Guanciale – Final Product

KevinCharcuterie, From Local Farms, From the Cellar, Guanciale, Irvings Farm Fresh, Pork11 Comments

We put up 20 Irvings Farm Fresh pork jowls December 11, and it’s finally at a place I’d hope it would get – nearly 2 months later. Dense, with a light high-toned loveliness imparted by dry curing pork.

The verdict? Sliced thinly and fried is a bacon-like experience that is lovely indeed.  It fried up extremely fast [low moisture?], and my meat-hating-toddlers happily devoured their ‘spaghetti-and-bacon’. This particular variation [we did 4] was herbed [from my garden], and I think the herbs are a worthwhile addition. My conclusion simply supports my previous conclusion that jowls, and the rest of the pig head for that matter, hitting the local butcher shop bin is nothing short of sinful waste. It’s a shame. And one of those opportunities for budget minded locavores that I seek – you want cheap or in some cases even free local, ethically raised pork? It can be done.

My honesty-bone requires that I divulge that the crunchy jowl fat texture in its uncooked form is not my favorite. But that’s just me, and palates vary widely. The bottom line I’m finding is that pork is pork, whether from the head, belly, or leg when it comes to flavor. So long as there’s enough fat to bring flavors to the party, the whole hog is all good, in my opinion. Which brings me back to: if it’s tasty pork, why are we throwing it out? I think lack of awareness is the answer. Ask your local pork producer for pig head, and cheap, and you should be able to score some majorly cheap but tasty locavore eats.

11 Comments on “Guanciale – Final Product”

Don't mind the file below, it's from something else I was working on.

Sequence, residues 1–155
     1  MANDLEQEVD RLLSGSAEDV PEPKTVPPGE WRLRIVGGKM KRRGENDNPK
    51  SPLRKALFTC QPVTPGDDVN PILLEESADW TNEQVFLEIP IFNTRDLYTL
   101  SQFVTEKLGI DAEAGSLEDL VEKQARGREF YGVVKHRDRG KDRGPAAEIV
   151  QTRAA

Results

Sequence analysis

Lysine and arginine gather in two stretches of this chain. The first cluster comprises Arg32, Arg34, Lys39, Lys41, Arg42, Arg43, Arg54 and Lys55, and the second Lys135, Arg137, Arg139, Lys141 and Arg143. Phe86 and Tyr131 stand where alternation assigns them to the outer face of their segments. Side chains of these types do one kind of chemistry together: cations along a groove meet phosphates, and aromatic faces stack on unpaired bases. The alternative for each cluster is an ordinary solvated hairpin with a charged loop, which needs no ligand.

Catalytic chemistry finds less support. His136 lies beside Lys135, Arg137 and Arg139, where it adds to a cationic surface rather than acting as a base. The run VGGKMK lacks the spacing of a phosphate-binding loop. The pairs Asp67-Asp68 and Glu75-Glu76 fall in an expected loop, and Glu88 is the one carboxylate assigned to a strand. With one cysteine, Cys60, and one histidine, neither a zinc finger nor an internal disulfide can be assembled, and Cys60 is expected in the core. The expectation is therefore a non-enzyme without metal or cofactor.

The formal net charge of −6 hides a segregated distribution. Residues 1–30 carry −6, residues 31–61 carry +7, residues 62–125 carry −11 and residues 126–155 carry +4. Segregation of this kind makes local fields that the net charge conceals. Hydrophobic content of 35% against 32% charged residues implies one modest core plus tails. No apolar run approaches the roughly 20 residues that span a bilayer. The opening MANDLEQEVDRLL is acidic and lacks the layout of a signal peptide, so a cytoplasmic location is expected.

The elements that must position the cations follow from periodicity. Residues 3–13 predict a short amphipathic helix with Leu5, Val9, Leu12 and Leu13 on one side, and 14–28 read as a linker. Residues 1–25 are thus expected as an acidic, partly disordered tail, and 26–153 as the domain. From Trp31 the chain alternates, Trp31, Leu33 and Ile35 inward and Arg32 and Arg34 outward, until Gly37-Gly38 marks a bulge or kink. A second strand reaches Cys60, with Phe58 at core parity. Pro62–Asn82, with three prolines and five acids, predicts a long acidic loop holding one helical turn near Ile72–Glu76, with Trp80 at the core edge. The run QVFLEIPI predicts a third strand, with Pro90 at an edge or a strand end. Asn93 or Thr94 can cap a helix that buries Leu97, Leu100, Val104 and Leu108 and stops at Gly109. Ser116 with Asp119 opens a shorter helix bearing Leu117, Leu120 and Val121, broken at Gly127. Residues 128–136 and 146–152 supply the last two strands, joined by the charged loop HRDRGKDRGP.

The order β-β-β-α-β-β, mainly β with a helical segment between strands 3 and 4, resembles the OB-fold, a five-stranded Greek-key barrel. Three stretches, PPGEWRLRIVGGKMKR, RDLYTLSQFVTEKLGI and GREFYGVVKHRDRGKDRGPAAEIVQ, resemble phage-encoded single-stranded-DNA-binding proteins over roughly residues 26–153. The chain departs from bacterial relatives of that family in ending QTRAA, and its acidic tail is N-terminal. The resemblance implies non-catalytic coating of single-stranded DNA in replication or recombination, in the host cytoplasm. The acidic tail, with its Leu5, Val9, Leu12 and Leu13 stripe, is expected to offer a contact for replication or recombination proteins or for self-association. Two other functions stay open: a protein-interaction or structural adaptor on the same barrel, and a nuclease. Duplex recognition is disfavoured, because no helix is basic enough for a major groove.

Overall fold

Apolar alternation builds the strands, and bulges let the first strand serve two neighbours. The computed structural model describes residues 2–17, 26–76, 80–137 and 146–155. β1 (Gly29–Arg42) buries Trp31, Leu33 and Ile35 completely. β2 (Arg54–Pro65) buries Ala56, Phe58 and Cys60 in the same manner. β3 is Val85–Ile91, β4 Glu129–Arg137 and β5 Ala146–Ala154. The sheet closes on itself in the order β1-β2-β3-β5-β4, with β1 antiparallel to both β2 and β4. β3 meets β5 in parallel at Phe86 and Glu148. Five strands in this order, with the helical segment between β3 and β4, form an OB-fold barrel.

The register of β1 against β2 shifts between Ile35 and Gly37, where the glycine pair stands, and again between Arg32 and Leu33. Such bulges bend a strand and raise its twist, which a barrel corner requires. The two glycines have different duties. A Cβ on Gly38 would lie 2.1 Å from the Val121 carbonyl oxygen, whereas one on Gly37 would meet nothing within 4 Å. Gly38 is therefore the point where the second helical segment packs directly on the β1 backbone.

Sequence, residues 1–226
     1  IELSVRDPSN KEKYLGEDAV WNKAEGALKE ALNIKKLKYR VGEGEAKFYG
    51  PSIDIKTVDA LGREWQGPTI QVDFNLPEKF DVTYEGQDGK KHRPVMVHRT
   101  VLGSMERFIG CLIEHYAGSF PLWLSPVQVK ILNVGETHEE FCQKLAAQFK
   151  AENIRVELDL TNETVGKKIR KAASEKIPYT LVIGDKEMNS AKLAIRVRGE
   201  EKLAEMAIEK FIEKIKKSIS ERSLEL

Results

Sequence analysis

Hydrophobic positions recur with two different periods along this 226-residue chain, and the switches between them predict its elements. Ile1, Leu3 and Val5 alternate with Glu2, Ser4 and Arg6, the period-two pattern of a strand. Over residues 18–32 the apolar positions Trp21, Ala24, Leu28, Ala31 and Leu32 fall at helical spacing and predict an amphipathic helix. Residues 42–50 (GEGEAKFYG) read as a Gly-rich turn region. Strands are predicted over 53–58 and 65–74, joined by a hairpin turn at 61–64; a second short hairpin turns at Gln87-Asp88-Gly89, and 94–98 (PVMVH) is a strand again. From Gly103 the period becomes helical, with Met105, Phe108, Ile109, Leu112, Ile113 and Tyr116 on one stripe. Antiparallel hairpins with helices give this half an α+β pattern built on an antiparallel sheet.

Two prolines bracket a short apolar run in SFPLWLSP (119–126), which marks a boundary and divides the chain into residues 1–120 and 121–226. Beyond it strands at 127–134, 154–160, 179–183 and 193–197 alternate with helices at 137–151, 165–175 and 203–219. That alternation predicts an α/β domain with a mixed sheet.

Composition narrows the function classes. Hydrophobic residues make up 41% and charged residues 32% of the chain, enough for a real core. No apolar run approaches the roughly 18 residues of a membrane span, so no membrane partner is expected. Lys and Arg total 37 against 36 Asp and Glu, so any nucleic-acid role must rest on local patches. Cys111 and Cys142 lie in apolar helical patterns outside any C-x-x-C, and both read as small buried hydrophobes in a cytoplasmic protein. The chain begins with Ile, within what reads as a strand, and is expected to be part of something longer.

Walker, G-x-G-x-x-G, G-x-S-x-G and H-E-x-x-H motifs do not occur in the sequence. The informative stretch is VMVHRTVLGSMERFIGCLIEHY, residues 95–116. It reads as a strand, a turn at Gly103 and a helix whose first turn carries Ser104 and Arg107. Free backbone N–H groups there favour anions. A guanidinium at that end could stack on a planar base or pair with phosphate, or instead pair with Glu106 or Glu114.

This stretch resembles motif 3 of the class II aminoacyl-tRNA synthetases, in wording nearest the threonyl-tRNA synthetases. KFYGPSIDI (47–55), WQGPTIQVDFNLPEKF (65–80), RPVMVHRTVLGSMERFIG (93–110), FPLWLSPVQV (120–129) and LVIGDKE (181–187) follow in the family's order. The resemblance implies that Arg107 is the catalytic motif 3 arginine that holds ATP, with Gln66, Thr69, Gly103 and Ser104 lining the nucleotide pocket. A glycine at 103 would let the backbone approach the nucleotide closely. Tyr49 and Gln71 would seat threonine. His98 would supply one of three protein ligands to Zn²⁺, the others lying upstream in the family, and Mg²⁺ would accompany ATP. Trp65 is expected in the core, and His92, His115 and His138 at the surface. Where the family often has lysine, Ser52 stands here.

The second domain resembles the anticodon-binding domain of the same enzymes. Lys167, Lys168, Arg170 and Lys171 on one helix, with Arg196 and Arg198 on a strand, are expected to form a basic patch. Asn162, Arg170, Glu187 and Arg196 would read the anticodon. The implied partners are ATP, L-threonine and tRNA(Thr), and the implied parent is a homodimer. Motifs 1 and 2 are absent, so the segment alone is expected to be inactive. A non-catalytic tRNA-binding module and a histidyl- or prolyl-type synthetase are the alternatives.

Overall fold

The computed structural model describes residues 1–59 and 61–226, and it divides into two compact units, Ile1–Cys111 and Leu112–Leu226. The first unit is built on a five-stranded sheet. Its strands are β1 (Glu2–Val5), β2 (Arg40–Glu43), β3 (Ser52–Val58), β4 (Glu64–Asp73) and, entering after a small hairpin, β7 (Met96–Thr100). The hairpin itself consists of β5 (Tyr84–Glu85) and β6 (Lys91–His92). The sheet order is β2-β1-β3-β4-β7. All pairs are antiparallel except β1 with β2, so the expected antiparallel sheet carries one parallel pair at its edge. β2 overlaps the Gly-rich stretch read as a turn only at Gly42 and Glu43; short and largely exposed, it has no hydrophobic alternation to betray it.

1. Thea & Chad

    If superman were made of bacon, and you ate superman…. can’t wait to get back to eat it!

  2. Barry

    Is this smoked at all? Or is that not an option with this kind of preparation?

  3. Kevin Kossowan

    Barry – one of the 4 variations was indeed smoked for a short time. I’m going to dry cure my next bacon batch – switch out instacure 1 for instacure 2, smoke as usual, and hang to store/dry age.

  4. Karlynn

    I loved the “spaghetti and bacon”, my own meat hating child would LOVE that concoction.Two of his favorite foods! Congrats on the best Seasonal/Local blogging award, I can’t think of anyone who deserves it in that category more than you, with all your hard work on those great videos this past fall!

  5. A Canadian Foodie

    I have read this and remained speechless for a few days. I cannot wait to try a tidbit of it. Can you freeze it? It is all gone? Just the experience of you making it is phenomenal. I would like to see a “tweet this post” button on each post so I could tweet your posts! No one would believe the kinds of things you do, and do so well. And the number crunching is my favourite. I do that all of the time, too – particularly with my students. Hands down, homemade is ALWAYS cheaper than processed purchased store bought food… and you are going way past that.
    Brilliant, Kevin!

  6. Scott

    Kevin, it looks great. Guanciale is not very often consumed without first being cooked. That being said, you will see it from time to time. If you want to try it like that, be sure to slice it very thinly.

  7. Deb Krause

    *sigh* makes me wish i had thought ahead enough to ask that we get the jowls from our last pig order… there’s always next yr i guess… but i did have the fat saved and rendered lard for the first time!

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